Home Crime 4 Years After Black Man Was Beaten to Death over Selfie, Parents Hope Justice Is Finally Around the Corner – PEOPLE

4 Years After Black Man Was Beaten to Death over Selfie, Parents Hope Justice Is Finally Around the Corner – PEOPLE

4 Years After Black Man Was Beaten to Death over Selfie, Parents Hope Justice Is Finally Around the Corner – PEOPLE

Over the past four and a half years, Phil and Jill Henderson have struggled to move on from the death of their middle child.
"It's been a lot of highs, but mostly lows trying to process the grief," Jill told CBS Mornings co-host Gayle King in an interview that aired Thursday.
In 2017, the couple's 22-year-old son, Bakari — a recent college graduate from Austin, Texas — was fatally beaten by a mob while visiting Greece to take photos promoting his fashion line.
According to local authorities, the altercation began after a waitress at a bar in Zakynthos asked to take a selfie with Bakari. A Serbian man who witnessed the selfie asked the woman why she'd want a photo with a Black man when "there are a lot of Serbs in the bar." He then punched Bakari.
The argument escalated, which resulted in several men chasing Bakari into the street, where he was surrounded and beaten to death in just 30 seconds. The entire incident was caught on surveillance video.
"Somebody getting beaten to death over a selfie? It just makes no sense," said Jill, who still hasn't brought herself to watch the footage. "It's very hard to imagine that people would have that much hate to do something [like that] to another human being."
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Nine men arrested in connection with the deadly assault were charged with intentional homicide, which carries a life sentence in Greece. In 2018, six of them were found guilty of lesser assault charges and three were acquitted.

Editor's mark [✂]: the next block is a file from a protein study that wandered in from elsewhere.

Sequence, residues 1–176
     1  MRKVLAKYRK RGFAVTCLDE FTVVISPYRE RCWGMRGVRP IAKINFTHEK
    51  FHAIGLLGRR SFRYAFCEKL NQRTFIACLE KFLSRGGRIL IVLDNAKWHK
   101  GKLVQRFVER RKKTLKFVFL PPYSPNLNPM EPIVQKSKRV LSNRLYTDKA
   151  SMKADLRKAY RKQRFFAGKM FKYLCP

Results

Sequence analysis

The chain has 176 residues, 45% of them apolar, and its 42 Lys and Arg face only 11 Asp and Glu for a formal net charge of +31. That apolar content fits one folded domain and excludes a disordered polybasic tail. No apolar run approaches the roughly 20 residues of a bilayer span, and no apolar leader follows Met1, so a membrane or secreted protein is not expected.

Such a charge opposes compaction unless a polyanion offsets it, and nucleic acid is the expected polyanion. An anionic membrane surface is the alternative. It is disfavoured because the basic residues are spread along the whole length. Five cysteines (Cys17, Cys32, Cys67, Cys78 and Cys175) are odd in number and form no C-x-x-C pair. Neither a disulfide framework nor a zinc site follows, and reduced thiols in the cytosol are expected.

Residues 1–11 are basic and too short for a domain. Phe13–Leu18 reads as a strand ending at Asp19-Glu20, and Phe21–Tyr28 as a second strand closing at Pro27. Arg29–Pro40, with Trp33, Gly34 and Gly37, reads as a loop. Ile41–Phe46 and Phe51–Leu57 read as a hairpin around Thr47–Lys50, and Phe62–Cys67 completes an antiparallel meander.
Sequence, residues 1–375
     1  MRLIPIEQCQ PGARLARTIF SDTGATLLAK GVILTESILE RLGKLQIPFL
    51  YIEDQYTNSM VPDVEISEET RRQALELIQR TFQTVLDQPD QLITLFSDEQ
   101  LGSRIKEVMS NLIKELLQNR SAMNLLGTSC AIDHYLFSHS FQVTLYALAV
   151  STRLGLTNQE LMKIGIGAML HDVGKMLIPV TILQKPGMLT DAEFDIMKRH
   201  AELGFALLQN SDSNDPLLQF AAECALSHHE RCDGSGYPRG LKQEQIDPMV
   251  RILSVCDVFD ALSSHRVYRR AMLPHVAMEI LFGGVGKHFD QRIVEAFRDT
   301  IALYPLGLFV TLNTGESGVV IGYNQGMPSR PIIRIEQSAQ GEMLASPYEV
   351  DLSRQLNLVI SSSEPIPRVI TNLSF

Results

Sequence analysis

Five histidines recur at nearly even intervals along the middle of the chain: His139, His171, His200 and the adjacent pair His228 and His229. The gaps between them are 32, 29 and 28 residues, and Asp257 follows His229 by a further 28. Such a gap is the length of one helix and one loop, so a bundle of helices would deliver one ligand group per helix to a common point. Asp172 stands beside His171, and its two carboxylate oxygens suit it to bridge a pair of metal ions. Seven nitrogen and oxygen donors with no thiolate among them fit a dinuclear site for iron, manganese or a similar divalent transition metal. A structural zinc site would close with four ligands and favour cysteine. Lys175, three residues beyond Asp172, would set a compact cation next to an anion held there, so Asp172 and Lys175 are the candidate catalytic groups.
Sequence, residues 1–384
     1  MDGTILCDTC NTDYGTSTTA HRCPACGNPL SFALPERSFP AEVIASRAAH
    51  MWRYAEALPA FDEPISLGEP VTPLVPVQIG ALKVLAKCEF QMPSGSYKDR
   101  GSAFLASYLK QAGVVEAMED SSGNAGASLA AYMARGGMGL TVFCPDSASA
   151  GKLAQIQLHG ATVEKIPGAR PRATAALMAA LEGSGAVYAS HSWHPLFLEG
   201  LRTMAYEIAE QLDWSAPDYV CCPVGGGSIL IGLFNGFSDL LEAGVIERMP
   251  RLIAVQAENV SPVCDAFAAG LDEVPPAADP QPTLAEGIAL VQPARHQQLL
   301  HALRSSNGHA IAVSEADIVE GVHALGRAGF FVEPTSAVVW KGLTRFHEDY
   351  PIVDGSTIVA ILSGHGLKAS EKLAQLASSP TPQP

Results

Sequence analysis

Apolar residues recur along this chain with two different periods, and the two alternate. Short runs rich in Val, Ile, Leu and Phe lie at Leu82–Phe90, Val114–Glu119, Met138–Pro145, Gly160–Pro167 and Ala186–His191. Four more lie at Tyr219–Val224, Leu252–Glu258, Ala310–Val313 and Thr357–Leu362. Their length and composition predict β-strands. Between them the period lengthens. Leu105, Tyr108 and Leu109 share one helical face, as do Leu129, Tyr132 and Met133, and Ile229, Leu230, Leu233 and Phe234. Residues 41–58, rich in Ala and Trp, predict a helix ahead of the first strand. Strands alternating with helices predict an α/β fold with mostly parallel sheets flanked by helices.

None of the men were convicted of murder.
"I don't think they view us Black people the same as they do white people over there," Phil said, "and I felt that in the trial and in the results of the trial, that they treated and felt like he was less than a man."
"You should not be able to chase a man down and beat him to death and then not go to jail and serve jail time," Jill said.
The Hendersons found a small glimmer of hope after the 2018 trial when the prosecutor involved in the case, feeling like the defendants got off too easy, ordered a retrial to try securing homicide convictions a second time. Greece does not have double jeopardy laws like the United States, meaning people can be prosecuted for the same crime more than once.
The new trial has been pushed off for two years, and is now scheduled to begin Feb. 21. Phil and Jill are preparing to travel to Greece for a fifth time to attend court proceedings, even though they are held entirely in Greek.
RELATED: Parents of Black American Killed by Mob in Greece Speak on Long Road to Justice in New Gayle King Interview
"I just truly hope this time that they really view Bakari as a child of God and the human that he is … as someone that could be their brother, their son, their grandson, their nephew, their friend," Jill said. "I really want them to be able to understand that when they're doing the sentencing this time."
"If [his attackers] only got to know him, they would've loved him," Phil said.
King tells PEOPLE that the Hendersons have been living "in limbo" while they wait for closure — "they haven't even unpacked his bag from Greece," she says.
In the meantime, though, they are doing their best to keep their son's dreams alive.
"Bakari loved to travel, he loved meeting people," King says. "He didn't meet a stranger." Through The Bakari Foundation, his parents help families who have suffered a loss find healing and peace by seeing the world.
They also helped take over his clothing line. "He always told me I was going to be working for him," Jill told King, "so we laugh now because we are working for him full-time."
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Like the tragic cases of Natalee Holloway and Gabby Petito that captured the world's attention, King thinks everyone should know the name Bakari Henderson.
"This kid was the type of person that you would want to be your child," King says. "Whether he was Black or he was white, you just like [him]."
King has worn a purple bracelet in honor of Bakari every day since she first met his parents in 2017. "I intend to wear it until they get justice in the case," she tells PEOPLE.
Watch the full CBS Mornings interview with Phil and Jill below.



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